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Critical Components of Industrial-Grade Wireless Devices

Wireless failures at home or in the office will be an inconvenience until a replacement device is installed. Wireless network failures in industrial applications, however, can jeopardize the safety of onsite personnel, damage expensive machinery/equipment, and possibly translate into thousands of dollars per minute in production losses. In addition to network redundancy, industrial operators must also assess the application environment for elements that can impact network performance, compromise device reliability, and lead to unplanned system downtime.

Many industrial wireless applications, such as those for mining, railway, and oil & gas, are deployed in harsh environments and require the use of industrial-grade devices. While some environmental factors are obvious, such as extreme temperatures and moisture, there are other elements that are not so apparent but can also quickly disable an unprotected device. Below is a list of environmental conditions and effects commonly found in industrial wireless applications that can cause a device to malfunction or fail entirely.

• Power interference
• Magnetic field/emissions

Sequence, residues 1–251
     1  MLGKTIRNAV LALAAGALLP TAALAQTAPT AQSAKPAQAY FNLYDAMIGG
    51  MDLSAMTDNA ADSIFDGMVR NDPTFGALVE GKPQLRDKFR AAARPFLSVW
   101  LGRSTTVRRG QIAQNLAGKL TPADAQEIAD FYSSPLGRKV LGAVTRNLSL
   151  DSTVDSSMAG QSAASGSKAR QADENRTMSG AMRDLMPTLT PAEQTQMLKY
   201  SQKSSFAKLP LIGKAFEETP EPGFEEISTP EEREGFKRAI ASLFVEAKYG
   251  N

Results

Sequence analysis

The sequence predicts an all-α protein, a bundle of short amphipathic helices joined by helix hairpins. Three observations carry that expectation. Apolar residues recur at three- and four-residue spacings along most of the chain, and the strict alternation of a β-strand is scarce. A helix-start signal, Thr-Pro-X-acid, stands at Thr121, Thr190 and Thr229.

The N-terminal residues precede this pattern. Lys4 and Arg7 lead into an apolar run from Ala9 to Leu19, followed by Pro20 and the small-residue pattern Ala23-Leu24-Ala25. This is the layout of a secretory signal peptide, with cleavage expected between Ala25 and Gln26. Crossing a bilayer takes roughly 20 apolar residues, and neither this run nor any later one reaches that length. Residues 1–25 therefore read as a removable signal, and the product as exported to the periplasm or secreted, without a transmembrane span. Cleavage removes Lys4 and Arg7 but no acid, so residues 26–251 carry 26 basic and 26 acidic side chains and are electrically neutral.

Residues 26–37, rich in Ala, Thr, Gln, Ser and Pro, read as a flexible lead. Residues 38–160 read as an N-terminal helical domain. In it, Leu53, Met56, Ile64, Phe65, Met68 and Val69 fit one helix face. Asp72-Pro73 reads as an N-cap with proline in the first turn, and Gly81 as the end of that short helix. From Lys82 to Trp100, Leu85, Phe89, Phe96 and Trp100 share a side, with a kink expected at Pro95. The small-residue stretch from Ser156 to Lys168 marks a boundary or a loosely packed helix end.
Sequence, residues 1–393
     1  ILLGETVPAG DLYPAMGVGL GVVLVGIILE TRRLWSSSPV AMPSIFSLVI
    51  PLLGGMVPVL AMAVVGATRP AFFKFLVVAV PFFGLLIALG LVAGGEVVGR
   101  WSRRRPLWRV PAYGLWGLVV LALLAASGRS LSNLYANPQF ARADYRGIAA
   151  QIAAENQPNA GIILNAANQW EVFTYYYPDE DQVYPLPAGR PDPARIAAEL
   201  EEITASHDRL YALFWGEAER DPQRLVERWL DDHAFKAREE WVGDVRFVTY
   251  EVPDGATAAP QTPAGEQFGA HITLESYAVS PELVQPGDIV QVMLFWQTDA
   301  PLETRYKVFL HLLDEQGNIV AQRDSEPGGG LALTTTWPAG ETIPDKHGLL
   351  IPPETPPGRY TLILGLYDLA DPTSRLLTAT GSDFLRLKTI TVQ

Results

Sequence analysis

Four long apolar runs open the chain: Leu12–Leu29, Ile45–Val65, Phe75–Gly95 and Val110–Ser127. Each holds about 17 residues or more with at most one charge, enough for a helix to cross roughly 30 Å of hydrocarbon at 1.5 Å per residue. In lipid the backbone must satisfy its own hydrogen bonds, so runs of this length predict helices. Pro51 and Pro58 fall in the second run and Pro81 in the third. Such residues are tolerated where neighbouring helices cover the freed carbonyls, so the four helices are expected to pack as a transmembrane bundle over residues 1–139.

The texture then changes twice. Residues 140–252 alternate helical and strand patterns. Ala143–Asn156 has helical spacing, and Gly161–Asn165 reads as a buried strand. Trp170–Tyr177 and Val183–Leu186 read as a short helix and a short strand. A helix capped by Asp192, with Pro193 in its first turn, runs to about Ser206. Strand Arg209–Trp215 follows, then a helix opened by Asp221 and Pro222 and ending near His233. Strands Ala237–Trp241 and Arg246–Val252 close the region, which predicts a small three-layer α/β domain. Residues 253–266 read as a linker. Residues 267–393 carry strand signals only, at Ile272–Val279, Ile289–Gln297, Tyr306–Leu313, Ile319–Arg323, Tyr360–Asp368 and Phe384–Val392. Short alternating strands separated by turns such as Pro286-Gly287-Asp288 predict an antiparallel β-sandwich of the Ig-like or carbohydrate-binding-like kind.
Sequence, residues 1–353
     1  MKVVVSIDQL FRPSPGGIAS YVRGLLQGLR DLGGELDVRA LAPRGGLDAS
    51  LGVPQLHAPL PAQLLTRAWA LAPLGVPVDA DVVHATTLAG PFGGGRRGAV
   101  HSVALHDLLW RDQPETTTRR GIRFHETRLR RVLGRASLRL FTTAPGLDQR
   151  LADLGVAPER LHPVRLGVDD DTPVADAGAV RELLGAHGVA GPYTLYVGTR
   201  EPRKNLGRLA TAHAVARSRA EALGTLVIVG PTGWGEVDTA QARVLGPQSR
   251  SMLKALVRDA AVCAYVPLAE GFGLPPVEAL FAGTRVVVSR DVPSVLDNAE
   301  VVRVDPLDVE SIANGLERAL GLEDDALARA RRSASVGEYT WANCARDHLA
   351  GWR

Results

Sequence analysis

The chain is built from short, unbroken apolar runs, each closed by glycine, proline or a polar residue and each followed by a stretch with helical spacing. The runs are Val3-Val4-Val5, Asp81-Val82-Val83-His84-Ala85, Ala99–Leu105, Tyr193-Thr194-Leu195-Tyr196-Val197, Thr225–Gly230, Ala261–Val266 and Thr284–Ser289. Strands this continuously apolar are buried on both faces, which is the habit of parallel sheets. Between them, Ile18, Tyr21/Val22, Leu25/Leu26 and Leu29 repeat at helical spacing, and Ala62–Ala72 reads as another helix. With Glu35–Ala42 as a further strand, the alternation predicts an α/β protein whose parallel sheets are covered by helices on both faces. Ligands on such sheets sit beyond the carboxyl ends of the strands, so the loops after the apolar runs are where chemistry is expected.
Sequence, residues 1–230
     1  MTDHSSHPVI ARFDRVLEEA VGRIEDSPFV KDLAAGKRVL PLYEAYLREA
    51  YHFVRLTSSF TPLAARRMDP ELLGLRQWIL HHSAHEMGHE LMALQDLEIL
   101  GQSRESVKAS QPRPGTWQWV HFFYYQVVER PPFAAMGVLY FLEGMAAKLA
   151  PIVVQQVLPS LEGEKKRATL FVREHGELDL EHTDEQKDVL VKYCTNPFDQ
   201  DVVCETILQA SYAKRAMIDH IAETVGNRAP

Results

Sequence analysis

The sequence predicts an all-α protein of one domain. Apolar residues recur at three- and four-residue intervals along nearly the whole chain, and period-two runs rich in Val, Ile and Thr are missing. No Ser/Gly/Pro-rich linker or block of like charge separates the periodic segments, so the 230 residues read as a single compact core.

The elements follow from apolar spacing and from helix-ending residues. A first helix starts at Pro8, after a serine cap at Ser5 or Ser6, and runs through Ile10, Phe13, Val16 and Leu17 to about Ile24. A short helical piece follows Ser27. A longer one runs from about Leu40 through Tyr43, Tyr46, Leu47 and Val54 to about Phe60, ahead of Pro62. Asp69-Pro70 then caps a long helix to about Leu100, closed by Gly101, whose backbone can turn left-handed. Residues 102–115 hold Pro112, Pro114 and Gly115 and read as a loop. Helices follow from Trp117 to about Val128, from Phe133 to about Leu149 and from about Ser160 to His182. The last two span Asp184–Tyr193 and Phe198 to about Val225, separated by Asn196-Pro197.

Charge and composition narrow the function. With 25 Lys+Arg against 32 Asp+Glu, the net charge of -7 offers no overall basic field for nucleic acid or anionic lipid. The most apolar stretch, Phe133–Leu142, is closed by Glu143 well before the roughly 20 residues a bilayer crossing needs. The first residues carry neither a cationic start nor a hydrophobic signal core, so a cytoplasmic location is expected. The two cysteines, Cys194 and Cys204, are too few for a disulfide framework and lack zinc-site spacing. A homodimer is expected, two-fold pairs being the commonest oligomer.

• Flammable gases
• Extreme temperatures
• Humidity and moisture
• Airborne particles and contaminants
• Shock and vibration

Industrial-Grade Protection for Wireless Devices

Electromagnetic Susceptibility (EMS)

According to the International Electrotechnical Commission (IEC)[1], EMS is defined as, "The inability of a device, circuit, or system to perform without degradation in the presence of an electromagnetic disturbance." Below are common types of electromagnetic disturbances that can interfere with device operation.

• Electrostatic Discharge (ESD)

ESD is the sudden transfer of static electricity between two objects with different electrical potentials. For example, factory workers wearing rubber boots and gloves can easily accumulate high levels of static electricity. Physical contact with wireless devices can discharge several kilovolts (kV) of static electricity and permanently damage internal circuitry.

• Surge/Burst/Electrical Fast Transients (EFT)

Switching disturbances, short circuits, and especially lightning strikes, can inject high-level voltage spikes to cause serious damage to wireless devices. Surge protection devices (SPDs), such as transient voltage surge suppressors (TVSS), metal oxide varistors (MOV), and gas discharge tubes (GDT), are necessary to provide industrial-grade protection against electrical transients.

Switching disturbances

Industrial high-powered equipment/machinery can require large amounts of energy to switch on and turn off components such as motors and hydraulic systems. This switching can abruptly generate high quantities of power flow, disrupting the steady voltage flow in